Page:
With an account balance of BTC, a trader is naturally long bitcoin when they have no open positions. This means the dollar value of their account will continue to fluctuate depending on the price of bitcoin. In order to make their account stable in USD, they would need to add a 1x hedge short on the futures. More details on this can be found on the Deribit blog here.
However, with an account balance of USDC, the trader’s account is already stable in dollar terms by default. This makes trading the USDC linear contracts suitable for those traders who prefer to be in dollars when not in a position, and who are not comfortable or have no desire to use the futures to do so synthetically.
Bitcoin is not the only cryptocurrency that can be traded while using USDC as collateral. The new linear ALT-USDC perpetuals all work in this same way. Traders are able to speculate on the price of each coin in relation to the US dollar while using USDC as collateral.
This also allows traders to have positions open on multiple coins at once that share the same pool of collateral. As a result, pairs trades can be executed very efficiently.
This will also allow Deribit to add several more ALT-USDC perpetual contracts with relative speed, as there are no additional wallet integrations required, because they all use USDC.
Position sizing differences
Other than using USDC as collateral, there is one more difference you will notice as soon as you attempt to place an order on the linear USDC contracts. On the inverse contracts, your position size is a fixed dollar amount. However, on the linear USDC contracts, your position size is a fixed amount of the underlying asset, such as bitcoin or ether.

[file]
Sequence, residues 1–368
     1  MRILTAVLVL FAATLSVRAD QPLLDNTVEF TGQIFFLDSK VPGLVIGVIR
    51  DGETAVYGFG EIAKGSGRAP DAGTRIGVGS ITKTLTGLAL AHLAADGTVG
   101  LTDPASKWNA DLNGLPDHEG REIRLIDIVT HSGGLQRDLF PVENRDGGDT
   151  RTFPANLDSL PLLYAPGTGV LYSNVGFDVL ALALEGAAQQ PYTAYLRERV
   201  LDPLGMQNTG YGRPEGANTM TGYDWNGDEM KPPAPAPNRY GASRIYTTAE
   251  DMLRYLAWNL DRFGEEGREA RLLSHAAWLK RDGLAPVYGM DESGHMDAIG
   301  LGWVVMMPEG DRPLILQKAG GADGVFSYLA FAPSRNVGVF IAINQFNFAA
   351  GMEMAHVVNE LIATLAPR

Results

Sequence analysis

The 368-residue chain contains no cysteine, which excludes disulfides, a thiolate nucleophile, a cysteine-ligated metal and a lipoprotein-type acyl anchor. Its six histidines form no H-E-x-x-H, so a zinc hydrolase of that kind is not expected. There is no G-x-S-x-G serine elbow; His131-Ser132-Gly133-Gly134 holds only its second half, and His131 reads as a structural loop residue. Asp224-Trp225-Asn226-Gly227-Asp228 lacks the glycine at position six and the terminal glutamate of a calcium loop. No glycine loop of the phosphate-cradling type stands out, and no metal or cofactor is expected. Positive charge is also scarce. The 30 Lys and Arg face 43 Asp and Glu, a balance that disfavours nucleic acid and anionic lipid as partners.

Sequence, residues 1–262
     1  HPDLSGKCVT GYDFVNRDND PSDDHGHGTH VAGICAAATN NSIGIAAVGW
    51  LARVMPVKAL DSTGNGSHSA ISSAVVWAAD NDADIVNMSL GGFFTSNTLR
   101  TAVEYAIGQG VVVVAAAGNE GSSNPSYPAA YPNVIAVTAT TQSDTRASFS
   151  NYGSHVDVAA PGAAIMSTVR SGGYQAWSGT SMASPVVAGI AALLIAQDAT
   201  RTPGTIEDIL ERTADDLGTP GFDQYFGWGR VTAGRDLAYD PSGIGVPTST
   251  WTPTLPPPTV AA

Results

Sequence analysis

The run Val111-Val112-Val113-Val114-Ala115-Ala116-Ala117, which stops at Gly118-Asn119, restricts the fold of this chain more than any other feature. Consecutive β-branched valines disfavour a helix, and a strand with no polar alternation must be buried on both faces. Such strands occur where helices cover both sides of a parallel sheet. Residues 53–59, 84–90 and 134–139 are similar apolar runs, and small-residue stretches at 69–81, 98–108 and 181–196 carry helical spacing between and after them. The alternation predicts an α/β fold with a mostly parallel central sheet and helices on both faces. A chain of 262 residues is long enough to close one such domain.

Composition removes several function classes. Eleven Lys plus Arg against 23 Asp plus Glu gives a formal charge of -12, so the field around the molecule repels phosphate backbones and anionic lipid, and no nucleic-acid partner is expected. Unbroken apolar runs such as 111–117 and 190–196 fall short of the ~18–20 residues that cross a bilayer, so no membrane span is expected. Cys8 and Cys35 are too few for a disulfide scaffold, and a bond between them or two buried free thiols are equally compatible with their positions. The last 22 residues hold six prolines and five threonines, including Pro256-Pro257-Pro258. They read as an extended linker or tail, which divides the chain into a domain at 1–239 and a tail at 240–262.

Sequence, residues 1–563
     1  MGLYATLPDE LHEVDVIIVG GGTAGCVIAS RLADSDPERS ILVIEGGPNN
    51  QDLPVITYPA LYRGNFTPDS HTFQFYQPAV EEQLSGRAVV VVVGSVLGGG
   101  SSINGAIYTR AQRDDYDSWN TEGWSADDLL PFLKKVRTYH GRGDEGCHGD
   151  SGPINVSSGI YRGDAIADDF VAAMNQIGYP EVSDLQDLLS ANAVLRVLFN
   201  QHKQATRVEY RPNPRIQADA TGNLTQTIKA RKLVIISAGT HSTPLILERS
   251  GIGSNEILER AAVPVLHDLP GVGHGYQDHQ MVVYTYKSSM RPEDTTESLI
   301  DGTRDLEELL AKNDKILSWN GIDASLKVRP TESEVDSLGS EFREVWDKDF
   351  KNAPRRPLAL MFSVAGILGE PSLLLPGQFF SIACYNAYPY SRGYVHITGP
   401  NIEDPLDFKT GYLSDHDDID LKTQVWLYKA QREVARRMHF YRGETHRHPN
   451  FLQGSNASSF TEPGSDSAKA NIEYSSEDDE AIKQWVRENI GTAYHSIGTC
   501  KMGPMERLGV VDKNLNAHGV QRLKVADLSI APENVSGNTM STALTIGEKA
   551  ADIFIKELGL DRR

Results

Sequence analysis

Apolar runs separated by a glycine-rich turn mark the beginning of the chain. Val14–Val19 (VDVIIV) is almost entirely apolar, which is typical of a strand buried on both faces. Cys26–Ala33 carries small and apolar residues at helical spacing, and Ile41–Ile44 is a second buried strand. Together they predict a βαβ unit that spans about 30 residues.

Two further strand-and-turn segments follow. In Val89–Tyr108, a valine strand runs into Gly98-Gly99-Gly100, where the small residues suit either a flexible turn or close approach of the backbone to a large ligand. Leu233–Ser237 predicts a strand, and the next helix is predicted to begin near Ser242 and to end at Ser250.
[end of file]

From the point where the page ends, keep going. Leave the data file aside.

For example, imagine ETH is currently trading at a price of around $3,100, and you want to place a limit order to buy 1 ETH (or the equivalent in dollars) at a price of $3,000. On the inverse contract, you would enter a quantity of 3000 USD like so:
There is also a feature to enter the position size in ETH as well, however on the inverse contract, this will be rounded to the nearest dollar. It is the position size in dollars (3000 here) that will remain fixed until the position is closed or altered.
On the linear USDC contracts though, you would enter a quantity of 1 ETH like so:
There is also a feature to enter the position size in USDC as well, however on the linear contract, this will be rounded to the nearest 0.001 ETH. It is the position size in ETH (1 here) that will remain fixed until the position is closed or altered.
As we covered earlier, the profit/loss in dollars of both these positions will still be the same. The difference here in how the position size is measured, is simply a result of the currency that is used for collateral.
You can see more information on how profit and loss is calculated for the inverse contracts on the Deribit blog here.
Will the swap function be available for USDC as well?
Which blockchain networks will it be possible to deposit and withdraw USDC with?
Only ERC-20 USDC on Ethereum will be available.
Will there also be option products that use USDC as collateral?
Not at this time, no.
Where can I find the contract specifications, tick sizes and margins?
You can find all the USDC specifications here.
Is there a USDC Insurance Fund?
Yes, we will start with a USDC Insurance Fund with a value of USDC 10 million.
Can I move my USDC fee balance to a sub-account?
Yes, go to the Transfer page under My Account and select “Fee Balance to sub-account”